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Zoning  –  Development Permit – Expiration – ‘Phase II’ – Church Fellowship Hall – Airport Accident Zone

By: S.C. Lawyers Weekly staff//May 18, 2019

Zoning  –  Development Permit – Expiration – ‘Phase II’ – Church Fellowship Hall – Airport Accident Zone

By: S.C. Lawyers Weekly staff//May 18, 2019

The plaintiff-church’s 1997 development permit said, “All permits expire two (2) years from the date of approval unless substantial improvement has occurred”. Although the church made “substantial improvement” by completing “Phase I” of its planned development—a sanctuary and parking lot—that year, the permit expired before the church sought to begin work on “Phase II,” a fellowship hall, in 2006.

We reverse the master-in-equity’s reversal of the defendant-county’s decisions (1) requiring the church to apply for a new development permit, (2) denying the church’s subsequent application for the permit to construct a fellowship hall, and (3) denying the church’s request for a zoning variance.

In both the narrative included as part of the church’s initial development application and its 2007 application, the church said Phase I included the sanctuary and a parking lot; Phase II consisted of an 11,250 square foot fellowship hall. At a hearing before the Beaufort County Planning Commission, the church’s pastor acknowledged the fellowship hall was part of the second phase of the project.

On its face, the church’s 1997 development permit stated it expired two years from the approval date “unless substantial improvement has occurred.” Although the church made improvements to the site, these improvements were directed toward the construction of Phase I—the sanctuary and parking area.

Additionally, the church’s building permit covered only the sanctuary, and the church’s pastor explained the church postponed building the fellowship hall for financial reasons. Further, the record reveals no evidence that the church sought to extend the 1997 development permit. Therefore, the master-in-equity erred in finding the 1997 development permit authorized the church to construct a fellowship hall some 10 years later.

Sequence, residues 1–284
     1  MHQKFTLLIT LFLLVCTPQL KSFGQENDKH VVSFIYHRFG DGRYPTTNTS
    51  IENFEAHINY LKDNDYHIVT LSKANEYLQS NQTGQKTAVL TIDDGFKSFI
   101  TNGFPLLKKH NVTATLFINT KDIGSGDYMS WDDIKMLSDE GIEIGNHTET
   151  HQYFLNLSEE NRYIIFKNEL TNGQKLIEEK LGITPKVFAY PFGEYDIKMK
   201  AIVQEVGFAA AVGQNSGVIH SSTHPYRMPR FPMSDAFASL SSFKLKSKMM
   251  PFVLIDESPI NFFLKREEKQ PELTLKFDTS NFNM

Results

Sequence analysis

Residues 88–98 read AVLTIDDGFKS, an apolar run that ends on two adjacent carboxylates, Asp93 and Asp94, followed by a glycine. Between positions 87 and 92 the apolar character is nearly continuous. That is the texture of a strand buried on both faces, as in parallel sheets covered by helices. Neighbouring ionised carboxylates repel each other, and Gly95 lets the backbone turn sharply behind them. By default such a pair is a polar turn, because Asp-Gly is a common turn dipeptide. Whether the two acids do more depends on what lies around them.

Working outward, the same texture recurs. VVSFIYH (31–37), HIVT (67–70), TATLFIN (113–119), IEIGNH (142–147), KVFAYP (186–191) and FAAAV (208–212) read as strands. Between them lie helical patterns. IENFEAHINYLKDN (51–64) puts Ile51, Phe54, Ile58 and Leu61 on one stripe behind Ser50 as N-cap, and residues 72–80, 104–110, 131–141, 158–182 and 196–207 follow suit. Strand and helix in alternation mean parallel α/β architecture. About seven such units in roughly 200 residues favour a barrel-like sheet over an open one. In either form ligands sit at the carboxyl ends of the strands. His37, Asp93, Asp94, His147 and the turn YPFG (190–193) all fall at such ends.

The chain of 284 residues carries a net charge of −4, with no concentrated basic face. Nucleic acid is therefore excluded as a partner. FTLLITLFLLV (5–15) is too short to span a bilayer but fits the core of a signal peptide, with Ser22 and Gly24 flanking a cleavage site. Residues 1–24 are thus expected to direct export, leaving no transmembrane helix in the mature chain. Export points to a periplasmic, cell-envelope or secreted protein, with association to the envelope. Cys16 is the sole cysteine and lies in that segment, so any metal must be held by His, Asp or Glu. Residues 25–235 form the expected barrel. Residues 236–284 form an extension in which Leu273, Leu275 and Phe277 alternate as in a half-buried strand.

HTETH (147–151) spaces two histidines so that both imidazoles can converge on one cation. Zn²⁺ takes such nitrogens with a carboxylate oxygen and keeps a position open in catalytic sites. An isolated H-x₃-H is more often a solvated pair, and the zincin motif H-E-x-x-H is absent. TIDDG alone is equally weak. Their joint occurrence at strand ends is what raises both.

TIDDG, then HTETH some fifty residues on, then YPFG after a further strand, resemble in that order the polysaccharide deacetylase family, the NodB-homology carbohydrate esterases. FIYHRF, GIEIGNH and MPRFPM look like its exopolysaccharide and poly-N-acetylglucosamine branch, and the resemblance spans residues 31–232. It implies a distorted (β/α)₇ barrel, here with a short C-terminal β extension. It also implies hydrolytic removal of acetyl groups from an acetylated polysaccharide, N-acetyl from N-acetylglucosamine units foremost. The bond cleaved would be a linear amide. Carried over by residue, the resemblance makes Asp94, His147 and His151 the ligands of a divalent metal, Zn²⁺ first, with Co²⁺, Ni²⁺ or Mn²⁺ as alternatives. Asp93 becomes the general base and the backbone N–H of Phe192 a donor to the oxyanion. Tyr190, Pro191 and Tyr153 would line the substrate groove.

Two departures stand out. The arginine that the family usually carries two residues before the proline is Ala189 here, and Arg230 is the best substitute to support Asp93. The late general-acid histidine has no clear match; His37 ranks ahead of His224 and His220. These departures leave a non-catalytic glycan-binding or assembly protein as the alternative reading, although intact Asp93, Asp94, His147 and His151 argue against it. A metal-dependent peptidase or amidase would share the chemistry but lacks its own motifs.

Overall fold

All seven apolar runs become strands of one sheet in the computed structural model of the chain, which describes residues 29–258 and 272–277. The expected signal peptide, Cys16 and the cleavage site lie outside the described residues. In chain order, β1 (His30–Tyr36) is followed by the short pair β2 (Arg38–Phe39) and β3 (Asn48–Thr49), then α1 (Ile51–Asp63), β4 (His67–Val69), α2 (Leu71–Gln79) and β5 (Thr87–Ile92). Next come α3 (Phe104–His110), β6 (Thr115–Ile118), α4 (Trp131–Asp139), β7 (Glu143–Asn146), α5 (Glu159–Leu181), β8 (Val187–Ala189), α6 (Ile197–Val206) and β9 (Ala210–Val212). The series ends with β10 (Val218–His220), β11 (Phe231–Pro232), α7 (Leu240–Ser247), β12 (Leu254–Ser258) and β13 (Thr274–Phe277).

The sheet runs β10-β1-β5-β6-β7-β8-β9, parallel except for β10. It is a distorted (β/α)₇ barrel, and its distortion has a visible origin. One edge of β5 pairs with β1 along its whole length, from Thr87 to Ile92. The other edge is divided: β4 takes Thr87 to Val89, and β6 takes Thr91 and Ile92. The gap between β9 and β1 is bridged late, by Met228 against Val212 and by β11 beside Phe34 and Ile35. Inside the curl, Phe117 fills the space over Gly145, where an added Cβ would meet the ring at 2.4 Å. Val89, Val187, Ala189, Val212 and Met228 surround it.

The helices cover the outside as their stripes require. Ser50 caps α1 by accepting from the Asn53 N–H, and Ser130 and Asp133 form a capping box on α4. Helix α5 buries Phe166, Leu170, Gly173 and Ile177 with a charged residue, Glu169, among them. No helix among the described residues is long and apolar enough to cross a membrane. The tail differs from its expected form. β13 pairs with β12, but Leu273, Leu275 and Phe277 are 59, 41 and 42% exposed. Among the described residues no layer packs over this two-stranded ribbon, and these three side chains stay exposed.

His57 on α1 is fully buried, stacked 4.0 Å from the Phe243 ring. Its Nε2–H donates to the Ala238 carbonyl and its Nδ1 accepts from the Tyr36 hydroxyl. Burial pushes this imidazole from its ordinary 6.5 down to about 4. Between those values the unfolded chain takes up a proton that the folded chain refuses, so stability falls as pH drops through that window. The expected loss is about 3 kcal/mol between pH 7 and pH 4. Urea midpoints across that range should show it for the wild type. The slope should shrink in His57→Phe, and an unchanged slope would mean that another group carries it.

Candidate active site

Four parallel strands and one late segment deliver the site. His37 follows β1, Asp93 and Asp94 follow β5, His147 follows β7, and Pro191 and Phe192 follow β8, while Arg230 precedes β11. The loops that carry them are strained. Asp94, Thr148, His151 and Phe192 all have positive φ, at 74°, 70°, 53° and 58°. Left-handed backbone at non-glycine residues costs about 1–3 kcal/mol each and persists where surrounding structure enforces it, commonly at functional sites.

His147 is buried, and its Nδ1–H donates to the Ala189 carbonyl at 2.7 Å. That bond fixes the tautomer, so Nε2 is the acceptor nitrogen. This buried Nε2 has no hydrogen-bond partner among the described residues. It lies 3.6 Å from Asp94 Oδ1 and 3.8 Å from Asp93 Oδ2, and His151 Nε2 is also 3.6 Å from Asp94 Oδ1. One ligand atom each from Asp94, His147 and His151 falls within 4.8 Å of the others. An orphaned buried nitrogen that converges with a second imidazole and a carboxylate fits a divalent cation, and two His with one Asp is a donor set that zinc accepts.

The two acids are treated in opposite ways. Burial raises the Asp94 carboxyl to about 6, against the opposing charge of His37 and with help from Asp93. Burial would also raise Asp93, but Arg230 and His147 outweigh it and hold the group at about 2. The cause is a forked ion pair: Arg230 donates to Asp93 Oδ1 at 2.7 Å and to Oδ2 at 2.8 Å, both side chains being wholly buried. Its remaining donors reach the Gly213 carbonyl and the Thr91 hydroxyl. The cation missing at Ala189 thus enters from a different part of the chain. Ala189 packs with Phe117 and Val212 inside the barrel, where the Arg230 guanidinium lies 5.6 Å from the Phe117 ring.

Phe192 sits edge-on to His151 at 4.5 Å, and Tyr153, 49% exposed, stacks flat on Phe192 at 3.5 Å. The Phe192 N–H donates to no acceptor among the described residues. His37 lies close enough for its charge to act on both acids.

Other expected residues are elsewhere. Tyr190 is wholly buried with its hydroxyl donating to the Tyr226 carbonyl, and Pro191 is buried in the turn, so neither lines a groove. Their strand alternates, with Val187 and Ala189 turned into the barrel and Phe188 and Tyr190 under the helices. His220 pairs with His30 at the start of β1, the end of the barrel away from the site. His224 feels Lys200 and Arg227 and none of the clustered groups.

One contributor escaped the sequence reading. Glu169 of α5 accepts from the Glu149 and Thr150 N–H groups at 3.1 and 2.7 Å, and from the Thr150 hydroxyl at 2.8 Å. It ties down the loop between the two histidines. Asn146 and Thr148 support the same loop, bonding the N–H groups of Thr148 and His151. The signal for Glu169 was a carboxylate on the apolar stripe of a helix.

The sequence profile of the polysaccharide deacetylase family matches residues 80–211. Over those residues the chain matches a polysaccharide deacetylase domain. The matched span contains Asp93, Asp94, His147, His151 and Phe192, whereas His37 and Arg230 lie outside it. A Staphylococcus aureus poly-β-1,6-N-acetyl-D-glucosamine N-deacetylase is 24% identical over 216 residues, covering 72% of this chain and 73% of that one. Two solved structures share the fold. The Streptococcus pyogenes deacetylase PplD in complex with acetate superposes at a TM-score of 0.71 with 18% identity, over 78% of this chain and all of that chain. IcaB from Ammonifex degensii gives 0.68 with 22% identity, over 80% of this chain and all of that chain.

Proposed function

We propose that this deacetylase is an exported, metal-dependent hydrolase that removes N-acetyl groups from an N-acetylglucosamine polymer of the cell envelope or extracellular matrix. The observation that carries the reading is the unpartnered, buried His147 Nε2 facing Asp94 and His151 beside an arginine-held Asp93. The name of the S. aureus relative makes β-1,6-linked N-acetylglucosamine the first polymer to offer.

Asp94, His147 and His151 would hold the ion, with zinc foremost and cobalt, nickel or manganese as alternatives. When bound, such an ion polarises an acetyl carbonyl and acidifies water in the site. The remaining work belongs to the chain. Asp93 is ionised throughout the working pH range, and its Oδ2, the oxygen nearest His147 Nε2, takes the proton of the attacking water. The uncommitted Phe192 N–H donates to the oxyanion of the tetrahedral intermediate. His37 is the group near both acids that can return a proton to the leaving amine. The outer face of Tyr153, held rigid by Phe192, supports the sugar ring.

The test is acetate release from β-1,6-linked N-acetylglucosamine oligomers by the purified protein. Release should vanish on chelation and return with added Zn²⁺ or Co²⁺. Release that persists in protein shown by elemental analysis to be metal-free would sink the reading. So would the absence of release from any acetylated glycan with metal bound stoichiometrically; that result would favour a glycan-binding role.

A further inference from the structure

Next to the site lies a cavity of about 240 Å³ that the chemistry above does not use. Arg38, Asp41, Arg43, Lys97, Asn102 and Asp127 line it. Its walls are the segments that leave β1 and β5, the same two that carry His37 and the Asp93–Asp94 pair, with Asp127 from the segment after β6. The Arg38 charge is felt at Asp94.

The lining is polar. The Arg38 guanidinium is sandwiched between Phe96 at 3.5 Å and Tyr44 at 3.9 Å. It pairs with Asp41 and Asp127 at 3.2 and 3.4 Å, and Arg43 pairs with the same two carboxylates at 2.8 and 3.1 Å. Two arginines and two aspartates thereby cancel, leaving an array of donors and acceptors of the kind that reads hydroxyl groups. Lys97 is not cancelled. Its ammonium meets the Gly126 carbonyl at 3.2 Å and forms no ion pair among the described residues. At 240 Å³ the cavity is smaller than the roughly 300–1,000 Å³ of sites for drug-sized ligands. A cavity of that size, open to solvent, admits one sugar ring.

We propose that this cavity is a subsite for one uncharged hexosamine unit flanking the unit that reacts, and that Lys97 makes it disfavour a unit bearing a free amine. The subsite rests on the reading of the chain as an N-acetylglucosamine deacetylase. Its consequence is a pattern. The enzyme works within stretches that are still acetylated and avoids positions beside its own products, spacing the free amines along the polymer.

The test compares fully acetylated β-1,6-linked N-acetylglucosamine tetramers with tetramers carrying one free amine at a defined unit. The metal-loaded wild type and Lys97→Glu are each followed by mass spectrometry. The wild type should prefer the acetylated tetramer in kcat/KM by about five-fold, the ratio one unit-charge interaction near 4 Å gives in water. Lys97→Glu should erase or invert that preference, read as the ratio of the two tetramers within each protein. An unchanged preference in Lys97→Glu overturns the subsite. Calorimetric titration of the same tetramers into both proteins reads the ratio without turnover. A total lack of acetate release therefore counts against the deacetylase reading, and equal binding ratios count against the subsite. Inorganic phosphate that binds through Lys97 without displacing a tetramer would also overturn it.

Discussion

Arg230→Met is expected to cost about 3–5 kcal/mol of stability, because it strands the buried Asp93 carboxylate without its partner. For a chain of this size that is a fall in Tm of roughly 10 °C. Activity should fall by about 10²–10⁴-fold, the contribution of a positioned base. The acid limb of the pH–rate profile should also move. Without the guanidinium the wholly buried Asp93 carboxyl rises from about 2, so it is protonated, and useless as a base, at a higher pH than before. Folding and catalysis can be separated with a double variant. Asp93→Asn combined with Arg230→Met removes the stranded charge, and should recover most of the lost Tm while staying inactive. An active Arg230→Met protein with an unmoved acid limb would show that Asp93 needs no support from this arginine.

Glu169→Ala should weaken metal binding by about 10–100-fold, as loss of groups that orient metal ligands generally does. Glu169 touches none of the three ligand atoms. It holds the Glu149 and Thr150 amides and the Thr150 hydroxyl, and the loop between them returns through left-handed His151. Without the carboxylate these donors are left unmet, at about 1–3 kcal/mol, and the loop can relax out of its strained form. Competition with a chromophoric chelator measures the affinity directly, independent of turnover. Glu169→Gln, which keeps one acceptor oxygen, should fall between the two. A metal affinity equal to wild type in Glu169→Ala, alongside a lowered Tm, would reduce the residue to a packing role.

New Permit Application

Between the issuance of the church’s original development permit and its application for a new one, the county enacted ordinances which restricted land use in accident potential zones surrounding Beaufort’s Marine Corps Air Station. When the church applied for the new development permit, the ordinances allowed “non-conforming places of assembly and worship [to expand] by up to 15 percent … provided that the expansion does not increase the occupant load of the building.” Beaufort County, S.C., Code of Ordinances, Appendix A1 § 7(A)(6) (2006).

The church asserted that its fellowship hall would not increase occupant load because the sanctuary and fellowship hall would not be used at the same time. However, the fire marshal explained that “the occupant load is defined in the fire code as the maximum number of people allowed in a building” and that the occupant load for a sanctuary is separate from that for a fellowship hall where there are two separate buildings. The fire marshal testified the current occupant load for the church’s site was 329 for the sanctuary. The occupant load for the church’s fellowship hall could range from 533 to 1,600.

The fellowship hall’s construction would at least double the occupant load. Therefore, we reverse the master-in-equity and reinstate the Planning Commission’s denial of the church’s permit application.

Variance Request

Because of the risks inherent to the Airport Overlay District, the ordinances restrict property uses and building expansions therein to limit the potential number of people at risk should an accident occur. The church was classified as an APZ-2 area, meaning it possessed a “measurable potential for accidents.”

Constrained by our standard of review, we cannot disregard the evidence supporting the Beaufort County Zoning Board of Appeals’ finding that allowing the church to more than double its potential occupant load would “adversely affect … the public good” and be inharmonious with the purposes and intent of the county’s legislation addressing the Airport Overlay District. Accordingly, we find the master-in-equity erred in reversing the Zoning Board’s denial of the church’s variance request.


Grays Hill Baptist Church v. Beaufort County (Lawyers Weekly No. 011-045-19, 14 pp.) (Stephanie McDonald, J.) Appealed from Beaufort County (Marvin Dukes, Master-in-Equity) Mary Bass Lohr, David Wunder, and Lee Ellis Berlinsky for appellants; H. Fred Kuhn for respondent. S.C. App.

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